Scott Aaronson is Associate Professor of Electrical Engineering and Computer Science at MIT, and author of the book “Quantum Computing Since Democritus” as well as the popular “Shtetl-Optimized” blog on quantum computing (http://www.scottaaronson.com/blog/ )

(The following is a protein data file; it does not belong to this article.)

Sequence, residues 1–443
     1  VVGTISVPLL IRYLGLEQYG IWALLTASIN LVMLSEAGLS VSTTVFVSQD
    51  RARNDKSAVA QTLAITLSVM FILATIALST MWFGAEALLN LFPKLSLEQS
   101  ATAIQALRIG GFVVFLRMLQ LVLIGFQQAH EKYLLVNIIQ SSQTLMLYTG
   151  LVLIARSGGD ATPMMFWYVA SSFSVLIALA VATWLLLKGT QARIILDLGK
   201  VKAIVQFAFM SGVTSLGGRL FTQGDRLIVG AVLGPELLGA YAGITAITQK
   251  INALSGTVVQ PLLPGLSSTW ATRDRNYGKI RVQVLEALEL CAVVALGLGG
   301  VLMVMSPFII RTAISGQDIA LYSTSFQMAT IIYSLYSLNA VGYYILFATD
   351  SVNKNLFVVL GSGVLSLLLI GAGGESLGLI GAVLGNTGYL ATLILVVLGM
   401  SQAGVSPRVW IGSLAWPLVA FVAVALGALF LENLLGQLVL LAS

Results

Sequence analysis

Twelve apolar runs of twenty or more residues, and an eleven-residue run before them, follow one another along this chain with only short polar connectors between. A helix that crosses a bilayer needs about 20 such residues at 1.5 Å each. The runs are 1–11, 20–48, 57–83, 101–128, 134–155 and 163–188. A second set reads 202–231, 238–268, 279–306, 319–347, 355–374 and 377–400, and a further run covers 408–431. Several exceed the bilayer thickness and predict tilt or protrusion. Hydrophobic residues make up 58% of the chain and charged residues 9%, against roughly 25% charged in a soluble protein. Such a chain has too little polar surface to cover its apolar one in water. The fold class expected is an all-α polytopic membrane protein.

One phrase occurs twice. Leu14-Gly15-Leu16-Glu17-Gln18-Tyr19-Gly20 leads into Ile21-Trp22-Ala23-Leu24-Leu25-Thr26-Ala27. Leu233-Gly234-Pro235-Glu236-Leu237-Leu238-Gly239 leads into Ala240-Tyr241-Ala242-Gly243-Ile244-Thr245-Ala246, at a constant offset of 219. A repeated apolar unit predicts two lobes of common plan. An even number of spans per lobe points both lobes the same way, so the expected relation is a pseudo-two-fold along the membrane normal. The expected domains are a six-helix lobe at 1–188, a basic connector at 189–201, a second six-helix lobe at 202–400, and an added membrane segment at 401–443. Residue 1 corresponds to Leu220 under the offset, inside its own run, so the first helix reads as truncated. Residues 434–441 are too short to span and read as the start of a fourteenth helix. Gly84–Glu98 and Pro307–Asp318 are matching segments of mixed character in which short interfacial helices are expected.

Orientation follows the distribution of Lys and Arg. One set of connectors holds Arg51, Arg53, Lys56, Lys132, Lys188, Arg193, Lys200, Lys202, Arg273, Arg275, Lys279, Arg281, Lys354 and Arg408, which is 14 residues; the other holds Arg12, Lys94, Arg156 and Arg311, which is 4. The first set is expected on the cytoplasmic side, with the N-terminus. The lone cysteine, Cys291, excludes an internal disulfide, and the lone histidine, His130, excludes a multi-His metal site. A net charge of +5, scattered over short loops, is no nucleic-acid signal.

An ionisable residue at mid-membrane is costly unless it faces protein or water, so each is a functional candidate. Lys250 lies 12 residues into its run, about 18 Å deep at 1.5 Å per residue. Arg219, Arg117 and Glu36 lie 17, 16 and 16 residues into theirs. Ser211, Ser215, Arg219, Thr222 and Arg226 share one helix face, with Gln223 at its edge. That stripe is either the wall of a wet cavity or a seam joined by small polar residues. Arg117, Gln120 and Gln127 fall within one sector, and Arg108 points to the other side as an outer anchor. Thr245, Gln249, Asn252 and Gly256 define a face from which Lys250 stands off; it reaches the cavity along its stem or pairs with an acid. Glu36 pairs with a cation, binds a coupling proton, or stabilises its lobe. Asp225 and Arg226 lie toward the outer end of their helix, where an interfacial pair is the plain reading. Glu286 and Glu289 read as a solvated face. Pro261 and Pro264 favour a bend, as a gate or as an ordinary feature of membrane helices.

Twenty years after the discovery of Shor’s factoring algorithm, I’ll survey what we now understand about the structure of problems that admit quantum speedups. I’ll start with the basics, discussing the hidden subgroup, amplitude amplification, adiabatic, and linear systems paradigms for quantum algorithms. Then I’ll move on to some general results, obtained by Andris Ambainis and myself over the last few years, about quantum speedups in the black-box model. These results include the impossibility of a superpolynomial quantum speedup for any problem with permutation symmetry, and the largest possible separation between classical and quantum query complexities for any problem.